Ha, ha- guess what? I was remembering the weigh in weights as 10 pounds heavier than they really were. Dur, dur, dur, dur. Way to go, Mom. Now that I tracked down the real initial weights- we're averaging .53 pounds gained per day on feed (.53#/dof). That number's still not great, but I think it will look better the next time I weigh them.
A little over a week ago Chris woke me up to tell me that there were dogs in the sheep pen. I went out and sure enough, there were two black dogs sitting at the gate, wagging their tales at me. When I went in they started growling, but moved away from me. They'd been there for a while. There were five sheep hiding in the little shelter in the dog kennel (my husband built a huge dog kennel and it's the main "corral" for the sheep- they're out on pasture, but can still get into the kennel, it's where we grain them).
I couldn't convince the dogs to exit the gate, so I started looking for the two missing sheep while keeping an eye on the dogs. The Boise market lamb, Sheepy, was standing pressed against the side of the shop. He looked fine, he just wasn't moving around. Lily, our bum lamb, was dead on the ground. She'd been gutted. Of course- she's Chris's favorite.
Since I couldn't get the dogs out without upsetting the sheep- and I did not want the sheep starting to run with the dogs in the pen- I went back to the house. On my short walk back I had to make the choice between shooting the dogs while they were still in the pen or getting their owner. Since I was positive they were from the house back behind us, I got my keys instead of a shotgun and made an early morning call in my nightgown to tell the neighbors I needed their dogs out of my sheep NOW.
That's always a lovely way to meet your new neighbors, isn't it? Especially since I was wearing my nightgown and not much else. The neighbors were great about the situation and even took Lily and buried her so that I didn't have to deal with her. They paid for her and the vet bill for the rest of the flock.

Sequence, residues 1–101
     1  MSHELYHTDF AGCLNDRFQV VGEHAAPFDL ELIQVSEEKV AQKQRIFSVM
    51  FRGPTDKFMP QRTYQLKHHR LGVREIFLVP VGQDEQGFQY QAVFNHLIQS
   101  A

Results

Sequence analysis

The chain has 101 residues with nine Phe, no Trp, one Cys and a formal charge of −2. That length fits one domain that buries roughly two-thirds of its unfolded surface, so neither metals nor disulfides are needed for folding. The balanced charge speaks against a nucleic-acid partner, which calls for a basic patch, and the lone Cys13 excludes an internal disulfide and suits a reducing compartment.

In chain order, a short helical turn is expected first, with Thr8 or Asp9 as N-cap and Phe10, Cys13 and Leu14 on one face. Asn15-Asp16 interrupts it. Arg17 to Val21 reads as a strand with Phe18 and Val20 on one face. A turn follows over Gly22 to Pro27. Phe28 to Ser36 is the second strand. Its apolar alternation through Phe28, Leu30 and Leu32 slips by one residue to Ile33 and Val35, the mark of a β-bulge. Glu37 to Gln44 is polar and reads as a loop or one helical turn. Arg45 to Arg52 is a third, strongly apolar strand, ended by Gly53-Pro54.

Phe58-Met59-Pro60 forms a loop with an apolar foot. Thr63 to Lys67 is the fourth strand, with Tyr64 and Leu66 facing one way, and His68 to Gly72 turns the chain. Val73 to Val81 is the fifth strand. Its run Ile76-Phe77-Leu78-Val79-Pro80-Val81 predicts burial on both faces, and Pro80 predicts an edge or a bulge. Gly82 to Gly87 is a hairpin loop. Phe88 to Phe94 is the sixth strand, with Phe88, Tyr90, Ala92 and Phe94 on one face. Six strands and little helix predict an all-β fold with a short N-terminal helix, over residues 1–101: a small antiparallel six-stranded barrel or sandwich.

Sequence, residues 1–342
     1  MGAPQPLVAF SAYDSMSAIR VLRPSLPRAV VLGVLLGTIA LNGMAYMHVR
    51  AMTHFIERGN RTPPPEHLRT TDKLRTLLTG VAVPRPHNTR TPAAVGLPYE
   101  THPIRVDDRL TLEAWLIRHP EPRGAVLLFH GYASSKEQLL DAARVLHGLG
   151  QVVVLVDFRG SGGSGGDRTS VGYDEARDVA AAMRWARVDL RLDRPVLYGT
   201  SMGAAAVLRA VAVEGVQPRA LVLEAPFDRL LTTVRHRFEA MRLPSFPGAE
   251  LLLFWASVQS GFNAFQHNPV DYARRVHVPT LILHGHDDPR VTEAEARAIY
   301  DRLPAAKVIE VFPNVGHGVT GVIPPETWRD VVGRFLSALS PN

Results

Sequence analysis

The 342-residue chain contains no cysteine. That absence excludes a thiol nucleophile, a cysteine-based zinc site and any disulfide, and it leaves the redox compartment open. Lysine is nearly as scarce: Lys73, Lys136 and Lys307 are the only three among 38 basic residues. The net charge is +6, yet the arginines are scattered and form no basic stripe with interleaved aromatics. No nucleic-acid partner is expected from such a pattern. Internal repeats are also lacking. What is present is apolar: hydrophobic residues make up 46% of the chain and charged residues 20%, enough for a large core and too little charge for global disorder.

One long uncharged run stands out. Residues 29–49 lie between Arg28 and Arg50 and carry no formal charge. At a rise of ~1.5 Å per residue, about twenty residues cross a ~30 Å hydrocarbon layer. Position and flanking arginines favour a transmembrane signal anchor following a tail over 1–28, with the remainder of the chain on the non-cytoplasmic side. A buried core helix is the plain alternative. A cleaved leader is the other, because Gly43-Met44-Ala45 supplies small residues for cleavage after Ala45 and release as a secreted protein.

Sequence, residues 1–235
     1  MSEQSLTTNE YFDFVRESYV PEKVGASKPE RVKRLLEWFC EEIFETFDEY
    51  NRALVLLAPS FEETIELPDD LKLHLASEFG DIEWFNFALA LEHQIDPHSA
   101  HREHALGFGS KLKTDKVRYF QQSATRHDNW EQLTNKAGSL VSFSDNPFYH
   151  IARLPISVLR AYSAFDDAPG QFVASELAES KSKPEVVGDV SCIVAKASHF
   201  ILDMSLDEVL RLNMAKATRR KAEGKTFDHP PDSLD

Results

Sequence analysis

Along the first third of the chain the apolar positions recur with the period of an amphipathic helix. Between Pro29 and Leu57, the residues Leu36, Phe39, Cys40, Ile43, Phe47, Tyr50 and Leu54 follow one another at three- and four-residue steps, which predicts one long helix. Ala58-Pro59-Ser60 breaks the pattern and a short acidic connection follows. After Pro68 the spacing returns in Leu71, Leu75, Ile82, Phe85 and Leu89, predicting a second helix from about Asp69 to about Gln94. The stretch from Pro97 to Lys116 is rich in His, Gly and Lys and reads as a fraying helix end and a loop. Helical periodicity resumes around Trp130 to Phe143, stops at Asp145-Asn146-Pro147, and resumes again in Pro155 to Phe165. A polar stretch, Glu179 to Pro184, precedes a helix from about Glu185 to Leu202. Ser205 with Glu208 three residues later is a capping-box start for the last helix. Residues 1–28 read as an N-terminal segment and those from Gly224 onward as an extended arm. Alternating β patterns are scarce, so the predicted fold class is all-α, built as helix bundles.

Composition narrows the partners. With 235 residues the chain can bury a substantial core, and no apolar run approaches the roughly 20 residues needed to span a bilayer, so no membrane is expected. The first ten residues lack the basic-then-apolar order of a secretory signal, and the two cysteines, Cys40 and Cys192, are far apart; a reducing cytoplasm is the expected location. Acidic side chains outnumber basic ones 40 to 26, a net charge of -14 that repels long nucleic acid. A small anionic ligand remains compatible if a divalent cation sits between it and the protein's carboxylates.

Every lamb we own had scrapes and scratches in all four of their armpits. The big, blackface ewe, Tulip, had a couple large scrapes on one flank. Sam's little ewe had a large cut in her left, front, armpit which required stitches (she's still swollen and stiff).
Sheepy looked good, but still wouldn't rejoin the flock so the vet and I went out to him- she thinks he broke his left, front leg. The suspected break was high enough, towards his shoulder, that she couldn't splint him in the pasture. She said we could bring him in if we really wanted to, but she recommended not moving him around that much because it could displace the break. She was also uncertain that a splint would work well, since the whole shoulder would have to be immobilized. So far he's looking good. He's a little stiff on that front leg, but actually limps less than Brisca (Sam's ewe) does.
At any rate- back to that rate of gain thing... I'm not too concerned about the mediocre rate of gain because I'm pretty certain the dogs ran off a week's worth of gain. We'll try to weigh more often so that we can keep on eye on things. I'd like to boost that gain to .7#/day from here until fair time. Chris has been excellent about feeding the sheep and keeping them in fresh water. He really is committed to keeping them healthy and happy (plus, he wants more money).
We've started buying from a feed store in Caldwell. This is big news to me for two reasons. First, they give us an excellent price on feed with a 4-H discount. Second, the sales rep delivers the feed to our house. She even brought Chris a pallet to keep the feed on so that it doesn't absorb moisture from the concrete shop floor. Betz Feed, Caldwell, Idaho- they deserve a shout out! Awesome people, very youth friendly, very knowledgeable.